Dive Deep with Declutter! Cut the Paper Chase!
Since decluttering is multi tiered, a necessary step is to stay on top of the records and documentation part of decluttering . Paperwork and record keeping build up through the years and take space and attract a host of insects. Are those old records really at your fingertips? Most banks and financial institutions have easy access to records online. National banks must retain records of any deposit over $100 for at least 5 years. At the bank’s discretion, these records may be retained for longer periods. Most financial institutions maintain online access for statements and activity for up to one year. When you finally are up to date with purging old records, you will most likely stay current on actively and accurately tracking your finances.
Keep your records and personal documents up to date and in one place in your home. Have a filing system that is easy to access since it will be updated. You can choose to keep records in a box, filing cabinet, accordion folder, or storage chest but it doesn’t matter as elaborate record keeping is not necessary. For the more important documentation, it may be wise to store in a safety deposit box or make an electronic copy using an external hard drive or USB flash drive for an extra level of protection.
Here’s a breakdown of time frames on what needs to be kept in your home files according to Bank of America:
Tax returns. You’ll want to keep a permanent electronic or hard copy of each year’s tax return and any payments you make to the government. Also keep records of major financial events, such as legal filings or inheritances.
3 to 7 Years: supporting tax documentation
Depending on your filing circumstances, the IRS may be able to ask you for supporting documentation for three to seven years after you file a return. Save any document that verifies information on your tax return—including Forms W–2 and 1099, bank and brokerage statements, tuition payments and charitable donation receipts—for three to seven years.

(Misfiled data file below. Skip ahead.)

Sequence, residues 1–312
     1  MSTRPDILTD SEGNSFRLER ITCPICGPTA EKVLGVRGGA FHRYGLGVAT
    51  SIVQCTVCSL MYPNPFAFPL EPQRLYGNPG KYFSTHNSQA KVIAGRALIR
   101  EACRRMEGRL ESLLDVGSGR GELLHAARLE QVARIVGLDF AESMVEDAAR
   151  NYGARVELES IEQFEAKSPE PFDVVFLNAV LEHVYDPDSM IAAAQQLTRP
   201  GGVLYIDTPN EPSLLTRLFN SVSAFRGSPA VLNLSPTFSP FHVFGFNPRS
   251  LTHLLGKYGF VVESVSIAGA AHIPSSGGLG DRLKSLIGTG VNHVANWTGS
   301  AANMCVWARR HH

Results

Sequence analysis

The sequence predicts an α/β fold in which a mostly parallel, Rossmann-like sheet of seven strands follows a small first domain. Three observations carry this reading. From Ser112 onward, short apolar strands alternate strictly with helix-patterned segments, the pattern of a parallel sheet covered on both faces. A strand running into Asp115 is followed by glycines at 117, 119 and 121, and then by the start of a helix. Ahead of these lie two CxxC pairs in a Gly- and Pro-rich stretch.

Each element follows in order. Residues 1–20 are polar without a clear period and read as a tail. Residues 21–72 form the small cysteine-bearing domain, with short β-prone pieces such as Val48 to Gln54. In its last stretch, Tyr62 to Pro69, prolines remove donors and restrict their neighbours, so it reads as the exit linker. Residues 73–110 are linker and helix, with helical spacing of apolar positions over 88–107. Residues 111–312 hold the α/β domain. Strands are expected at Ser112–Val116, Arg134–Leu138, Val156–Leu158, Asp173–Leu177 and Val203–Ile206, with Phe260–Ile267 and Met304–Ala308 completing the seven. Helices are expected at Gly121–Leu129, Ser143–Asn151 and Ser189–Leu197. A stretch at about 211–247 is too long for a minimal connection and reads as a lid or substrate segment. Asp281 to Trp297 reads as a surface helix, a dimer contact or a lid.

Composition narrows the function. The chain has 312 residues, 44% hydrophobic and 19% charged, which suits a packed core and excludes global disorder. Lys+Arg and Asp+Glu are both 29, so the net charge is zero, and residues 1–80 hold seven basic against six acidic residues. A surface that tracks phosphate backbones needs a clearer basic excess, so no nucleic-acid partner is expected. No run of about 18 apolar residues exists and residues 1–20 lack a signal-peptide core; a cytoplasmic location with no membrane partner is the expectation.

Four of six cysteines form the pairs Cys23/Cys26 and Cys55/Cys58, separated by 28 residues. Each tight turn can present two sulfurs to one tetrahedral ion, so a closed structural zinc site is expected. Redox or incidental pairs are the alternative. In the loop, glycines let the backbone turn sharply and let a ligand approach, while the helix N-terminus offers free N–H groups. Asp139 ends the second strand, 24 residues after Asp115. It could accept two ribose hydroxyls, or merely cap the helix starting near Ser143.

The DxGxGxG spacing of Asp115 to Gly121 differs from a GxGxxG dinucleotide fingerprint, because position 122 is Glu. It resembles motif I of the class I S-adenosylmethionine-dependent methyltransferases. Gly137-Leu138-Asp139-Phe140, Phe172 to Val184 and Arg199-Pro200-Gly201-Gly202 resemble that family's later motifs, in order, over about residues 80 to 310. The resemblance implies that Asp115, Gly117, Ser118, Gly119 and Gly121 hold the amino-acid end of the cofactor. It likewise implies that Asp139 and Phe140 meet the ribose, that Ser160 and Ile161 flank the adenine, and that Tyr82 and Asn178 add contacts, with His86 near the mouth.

Keep either a digital or hard copy of the past year’s worth of your monthly bank and credit card statements. It’s a good idea to keep your digital copies stored online if you choose to go paperless. You should also hold on to pay stubs so that you can use them to verify the accuracy of your Form W-2 when tax season arrives.
If you’re self-employed, you may need your utility, cable and cell phone bills for tax purposes. Otherwise, you can dispose of them as soon as you verify your payment was processed. You can also dispose of bank withdrawal and deposit slips after verifying them with your monthly statement.
In relation to periods of limitations that relate to income tax returns, Internal Revenue Service advises:
- Seven years if you file a loss claim from worthless securities or reduction of bad debt
- Six years if you fail to report income that you should have, but only if that income was more than 25% of the gross income you reported on your return
- Four years for employment tax records
- Forever if you don’t file a return
- Forever if you file a fraudulent return.